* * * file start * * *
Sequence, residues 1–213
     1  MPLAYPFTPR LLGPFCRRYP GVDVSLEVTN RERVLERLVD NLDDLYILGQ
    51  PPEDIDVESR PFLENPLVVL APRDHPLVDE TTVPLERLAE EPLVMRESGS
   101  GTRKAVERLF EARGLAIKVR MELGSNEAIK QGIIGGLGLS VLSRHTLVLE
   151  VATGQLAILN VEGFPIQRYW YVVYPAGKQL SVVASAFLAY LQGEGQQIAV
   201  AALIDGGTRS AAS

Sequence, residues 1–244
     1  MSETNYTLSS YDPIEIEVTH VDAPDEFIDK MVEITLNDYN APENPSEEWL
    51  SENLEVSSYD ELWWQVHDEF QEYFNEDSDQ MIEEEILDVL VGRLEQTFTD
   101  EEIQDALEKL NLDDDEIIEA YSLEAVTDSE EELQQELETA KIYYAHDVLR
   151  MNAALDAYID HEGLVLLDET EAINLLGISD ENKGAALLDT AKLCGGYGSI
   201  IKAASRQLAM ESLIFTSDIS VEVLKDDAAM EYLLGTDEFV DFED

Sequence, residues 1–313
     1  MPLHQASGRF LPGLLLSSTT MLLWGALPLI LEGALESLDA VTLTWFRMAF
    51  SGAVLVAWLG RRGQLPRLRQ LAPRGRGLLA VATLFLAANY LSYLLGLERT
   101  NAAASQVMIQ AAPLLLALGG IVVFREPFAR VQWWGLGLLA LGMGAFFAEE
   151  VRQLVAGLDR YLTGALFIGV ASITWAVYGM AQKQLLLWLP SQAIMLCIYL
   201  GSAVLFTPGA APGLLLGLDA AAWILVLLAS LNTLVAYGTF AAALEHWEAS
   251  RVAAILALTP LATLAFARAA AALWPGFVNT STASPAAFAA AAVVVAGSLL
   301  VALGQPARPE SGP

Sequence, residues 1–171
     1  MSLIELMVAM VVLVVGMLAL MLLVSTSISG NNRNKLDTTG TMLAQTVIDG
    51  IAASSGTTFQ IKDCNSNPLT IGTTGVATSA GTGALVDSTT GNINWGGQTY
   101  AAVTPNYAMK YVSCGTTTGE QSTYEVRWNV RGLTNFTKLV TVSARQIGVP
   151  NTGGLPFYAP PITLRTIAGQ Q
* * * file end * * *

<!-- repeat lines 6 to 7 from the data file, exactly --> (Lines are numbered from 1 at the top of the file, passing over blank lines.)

   201  AALIDGGTRS AAS

Sequence, residues 1–244